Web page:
Woman’s Worth and Girlfriend have really interesting melodies, did you spend much time on them and try to make your melodies sound original?
“Woman’s Worth I remember in particular, once the concept dawned on me it kind of just fell out. Some songs do that, they just fall out and because the chorus is leading you, you just follow it and find where it’s going. I feel like Girlfriend was a beautiful complex chord melody that came together, so I remember spending a lot of time on that particular song.”
Empire State Of Mind is one of your smash hits. Tell us how that came about.
“That was just unbelievable.That song was such a monster that we were strategizing putting out my record, because I remember that Eleanor Freedom came right after that, we had to be careful of Empire… because I might crush my new music, my own new music! To this day people still love it and relate it to their dreams and their hopes and their faith and believing in themselves and stuff like that. You just don’t know what’s gonna happen with songs!”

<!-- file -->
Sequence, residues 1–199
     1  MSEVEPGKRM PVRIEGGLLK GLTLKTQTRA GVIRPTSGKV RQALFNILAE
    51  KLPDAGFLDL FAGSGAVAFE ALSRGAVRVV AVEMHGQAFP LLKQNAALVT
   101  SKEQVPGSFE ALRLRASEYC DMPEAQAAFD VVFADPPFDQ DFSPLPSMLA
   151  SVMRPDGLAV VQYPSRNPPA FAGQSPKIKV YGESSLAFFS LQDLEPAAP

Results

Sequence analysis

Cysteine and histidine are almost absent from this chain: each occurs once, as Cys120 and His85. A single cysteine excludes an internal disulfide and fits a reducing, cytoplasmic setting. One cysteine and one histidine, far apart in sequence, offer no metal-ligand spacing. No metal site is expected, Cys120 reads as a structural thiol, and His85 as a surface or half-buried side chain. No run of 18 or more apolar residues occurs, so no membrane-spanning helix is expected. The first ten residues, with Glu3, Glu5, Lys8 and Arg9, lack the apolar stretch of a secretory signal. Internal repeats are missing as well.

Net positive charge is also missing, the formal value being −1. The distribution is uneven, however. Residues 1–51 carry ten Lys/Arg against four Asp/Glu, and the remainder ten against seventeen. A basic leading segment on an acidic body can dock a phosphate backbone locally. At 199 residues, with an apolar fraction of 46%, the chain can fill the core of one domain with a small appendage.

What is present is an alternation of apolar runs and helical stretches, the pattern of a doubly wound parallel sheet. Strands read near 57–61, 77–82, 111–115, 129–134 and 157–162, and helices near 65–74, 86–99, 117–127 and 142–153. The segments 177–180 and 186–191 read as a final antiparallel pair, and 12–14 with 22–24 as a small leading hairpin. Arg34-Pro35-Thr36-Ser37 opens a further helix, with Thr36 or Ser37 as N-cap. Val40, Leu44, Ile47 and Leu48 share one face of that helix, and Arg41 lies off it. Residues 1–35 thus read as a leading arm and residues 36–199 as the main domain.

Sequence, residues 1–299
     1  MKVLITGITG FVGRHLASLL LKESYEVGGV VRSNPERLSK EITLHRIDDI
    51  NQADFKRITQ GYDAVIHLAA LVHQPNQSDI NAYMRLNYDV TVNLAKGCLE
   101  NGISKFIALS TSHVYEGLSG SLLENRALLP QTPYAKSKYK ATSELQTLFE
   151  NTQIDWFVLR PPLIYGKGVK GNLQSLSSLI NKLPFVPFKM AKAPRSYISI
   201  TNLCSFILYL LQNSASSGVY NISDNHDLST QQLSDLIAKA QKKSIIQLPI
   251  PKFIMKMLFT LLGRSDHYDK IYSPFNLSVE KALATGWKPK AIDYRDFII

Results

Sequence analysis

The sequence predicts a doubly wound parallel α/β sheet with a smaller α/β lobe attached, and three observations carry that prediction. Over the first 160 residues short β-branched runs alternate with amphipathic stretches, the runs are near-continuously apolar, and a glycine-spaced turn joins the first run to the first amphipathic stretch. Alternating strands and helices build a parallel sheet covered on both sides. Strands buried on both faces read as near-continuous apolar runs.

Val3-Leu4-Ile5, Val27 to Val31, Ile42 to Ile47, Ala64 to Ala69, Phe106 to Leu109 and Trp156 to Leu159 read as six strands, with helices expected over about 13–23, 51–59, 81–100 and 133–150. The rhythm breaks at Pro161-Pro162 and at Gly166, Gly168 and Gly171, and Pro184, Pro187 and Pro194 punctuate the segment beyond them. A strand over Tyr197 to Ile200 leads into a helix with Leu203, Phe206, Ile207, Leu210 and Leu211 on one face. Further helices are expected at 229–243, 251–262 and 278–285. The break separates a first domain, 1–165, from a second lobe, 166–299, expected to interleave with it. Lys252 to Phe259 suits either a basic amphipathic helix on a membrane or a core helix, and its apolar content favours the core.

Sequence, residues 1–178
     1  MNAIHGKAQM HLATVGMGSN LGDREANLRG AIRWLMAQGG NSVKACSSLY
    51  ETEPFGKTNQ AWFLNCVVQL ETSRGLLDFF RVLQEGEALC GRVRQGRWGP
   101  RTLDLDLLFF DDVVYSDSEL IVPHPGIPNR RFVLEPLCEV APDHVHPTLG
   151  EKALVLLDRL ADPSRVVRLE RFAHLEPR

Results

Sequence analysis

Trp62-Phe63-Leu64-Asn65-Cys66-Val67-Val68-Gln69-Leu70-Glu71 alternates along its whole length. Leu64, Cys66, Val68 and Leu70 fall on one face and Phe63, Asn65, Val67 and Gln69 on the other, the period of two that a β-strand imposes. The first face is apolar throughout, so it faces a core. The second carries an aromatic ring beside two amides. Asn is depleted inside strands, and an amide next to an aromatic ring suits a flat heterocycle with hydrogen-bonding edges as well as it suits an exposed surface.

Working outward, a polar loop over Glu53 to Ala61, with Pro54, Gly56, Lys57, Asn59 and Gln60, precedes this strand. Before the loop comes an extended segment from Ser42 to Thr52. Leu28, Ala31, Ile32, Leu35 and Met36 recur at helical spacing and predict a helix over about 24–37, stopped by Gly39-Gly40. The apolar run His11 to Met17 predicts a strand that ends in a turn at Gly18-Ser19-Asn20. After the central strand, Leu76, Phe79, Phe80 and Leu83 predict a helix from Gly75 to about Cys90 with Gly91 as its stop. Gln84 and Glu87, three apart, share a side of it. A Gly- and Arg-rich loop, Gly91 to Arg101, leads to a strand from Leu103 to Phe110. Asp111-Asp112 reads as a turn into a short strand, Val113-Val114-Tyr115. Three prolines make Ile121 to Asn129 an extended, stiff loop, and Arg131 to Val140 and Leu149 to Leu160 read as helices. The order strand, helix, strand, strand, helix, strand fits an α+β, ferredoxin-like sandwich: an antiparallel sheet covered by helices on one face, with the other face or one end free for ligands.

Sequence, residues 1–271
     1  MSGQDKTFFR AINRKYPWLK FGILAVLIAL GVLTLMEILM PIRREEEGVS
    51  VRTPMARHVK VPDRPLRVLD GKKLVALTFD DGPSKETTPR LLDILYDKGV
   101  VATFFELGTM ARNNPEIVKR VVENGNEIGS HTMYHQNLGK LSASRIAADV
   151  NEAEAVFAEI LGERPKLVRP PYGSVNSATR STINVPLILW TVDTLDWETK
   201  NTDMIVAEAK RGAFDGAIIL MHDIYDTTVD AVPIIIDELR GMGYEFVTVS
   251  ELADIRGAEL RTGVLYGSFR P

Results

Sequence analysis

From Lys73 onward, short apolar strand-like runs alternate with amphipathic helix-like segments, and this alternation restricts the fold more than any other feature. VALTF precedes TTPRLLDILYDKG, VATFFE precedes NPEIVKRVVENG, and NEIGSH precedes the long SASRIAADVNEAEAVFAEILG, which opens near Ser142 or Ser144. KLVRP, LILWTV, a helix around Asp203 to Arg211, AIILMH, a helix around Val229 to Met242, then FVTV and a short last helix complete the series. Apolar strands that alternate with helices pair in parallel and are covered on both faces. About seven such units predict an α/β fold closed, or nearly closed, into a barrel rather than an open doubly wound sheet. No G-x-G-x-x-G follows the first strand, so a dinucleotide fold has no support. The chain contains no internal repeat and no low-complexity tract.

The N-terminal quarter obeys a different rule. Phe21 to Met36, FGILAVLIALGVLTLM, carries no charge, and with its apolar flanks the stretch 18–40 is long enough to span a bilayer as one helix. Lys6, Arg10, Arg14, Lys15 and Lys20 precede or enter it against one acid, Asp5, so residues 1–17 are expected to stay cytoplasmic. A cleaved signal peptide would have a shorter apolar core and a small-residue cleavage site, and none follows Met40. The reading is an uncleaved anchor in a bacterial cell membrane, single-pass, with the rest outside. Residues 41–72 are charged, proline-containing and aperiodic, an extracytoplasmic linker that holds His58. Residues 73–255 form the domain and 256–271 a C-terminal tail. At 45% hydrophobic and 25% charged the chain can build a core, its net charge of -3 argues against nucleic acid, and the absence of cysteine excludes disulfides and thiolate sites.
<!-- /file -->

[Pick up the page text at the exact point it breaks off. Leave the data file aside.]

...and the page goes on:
It is it difficult for you to find the time to write?
“I find that I go in different phases. Like I might be very heavily in the creative only phase and I have the space to create and that’s what I’m doing. Then I get into an outward phase where I’m introducing people to what I’ve already created and I find that then the time and effort and energy goes very specifically into that. It’s not that I’m not being creative it’s just that I’m in a different phase. Then I’ll go more into the tour phase, which is a whole other output and that again is not so conducive to writing for me. I will get ideas when I’m not in the creative, incubative, phase, but I find that that is the time when I write the most.”
Internationally renowned songwriters are queuing up to be interviewed by Sodajerker, who now have over 90 episodes under their belt. Established in 2012 by Liverpudlian songwriting duo, Simon Barber and Brian O’Connor, the Sodajerker On Songwriting podcast has welcomed guests including Paul Simon, Ben Watt, Justin Currie, Willy Russell, Lamont Dozier, Neil Sedaka, Johnny Marr, Ben Folds Five, Billy Bragg, Richard M Sherman, Neil Finn, Suzanne Vega, Jimmy Webb, Rufus Wainwright, KT Tunstall, Dan Gillespie Sells and many more.
To find out more about Sodajerker and their work, or to download their podcasts – including the full 40-minute interview with Alicia Keys – go to www.sodajerker.com. You can also connect with them on Facebook or Twitter, or download the podcasts from iTunes.